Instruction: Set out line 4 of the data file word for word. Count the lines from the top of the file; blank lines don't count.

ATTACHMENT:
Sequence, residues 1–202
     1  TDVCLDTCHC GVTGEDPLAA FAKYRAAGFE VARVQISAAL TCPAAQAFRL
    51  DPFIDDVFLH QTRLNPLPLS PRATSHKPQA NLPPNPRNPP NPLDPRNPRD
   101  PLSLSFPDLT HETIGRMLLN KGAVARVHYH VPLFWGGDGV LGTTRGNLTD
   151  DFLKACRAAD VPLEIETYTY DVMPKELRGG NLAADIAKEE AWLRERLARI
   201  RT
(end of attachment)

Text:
   101  PLSLSFPDLT HETIGRMLLN KGAVARVHYH VPLFWGGDGV LGTTRGNLTD